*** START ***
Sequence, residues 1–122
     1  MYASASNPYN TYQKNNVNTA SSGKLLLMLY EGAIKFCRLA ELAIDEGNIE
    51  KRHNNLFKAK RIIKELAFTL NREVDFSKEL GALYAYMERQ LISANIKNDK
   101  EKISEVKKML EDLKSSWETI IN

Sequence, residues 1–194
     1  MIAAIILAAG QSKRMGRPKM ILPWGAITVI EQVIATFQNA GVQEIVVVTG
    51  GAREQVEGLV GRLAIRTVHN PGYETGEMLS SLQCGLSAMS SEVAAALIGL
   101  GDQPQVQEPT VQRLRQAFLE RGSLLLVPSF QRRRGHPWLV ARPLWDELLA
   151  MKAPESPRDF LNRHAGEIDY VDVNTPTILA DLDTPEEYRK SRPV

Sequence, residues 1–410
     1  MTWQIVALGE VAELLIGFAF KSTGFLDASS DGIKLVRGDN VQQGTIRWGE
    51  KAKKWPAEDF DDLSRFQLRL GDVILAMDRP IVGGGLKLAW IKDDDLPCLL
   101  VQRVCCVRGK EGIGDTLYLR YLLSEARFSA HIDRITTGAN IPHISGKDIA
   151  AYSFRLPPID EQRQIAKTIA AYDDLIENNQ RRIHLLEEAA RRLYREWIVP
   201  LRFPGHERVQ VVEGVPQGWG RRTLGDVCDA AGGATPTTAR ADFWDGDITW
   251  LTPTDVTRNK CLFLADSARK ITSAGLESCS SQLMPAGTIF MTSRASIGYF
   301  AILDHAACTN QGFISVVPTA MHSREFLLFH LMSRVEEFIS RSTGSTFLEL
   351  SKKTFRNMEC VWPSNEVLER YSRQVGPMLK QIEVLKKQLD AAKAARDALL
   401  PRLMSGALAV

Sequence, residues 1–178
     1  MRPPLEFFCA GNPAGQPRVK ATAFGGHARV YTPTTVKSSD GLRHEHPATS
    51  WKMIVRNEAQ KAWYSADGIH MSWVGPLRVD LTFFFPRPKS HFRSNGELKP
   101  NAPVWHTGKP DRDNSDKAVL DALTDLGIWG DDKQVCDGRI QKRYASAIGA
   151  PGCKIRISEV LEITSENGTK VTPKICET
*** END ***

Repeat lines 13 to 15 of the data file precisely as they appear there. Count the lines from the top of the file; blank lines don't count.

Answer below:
   101  VQRVCCVRGK EGIGDTLYLR YLLSEARFSA HIDRITTGAN IPHISGKDIA
   151  AYSFRLPPID EQRQIAKTIA AYDDLIENNQ RRIHLLEEAA RRLYREWIVP
   201  LRFPGHERVQ VVEGVPQGWG RRTLGDVCDA AGGATPTTAR ADFWDGDITW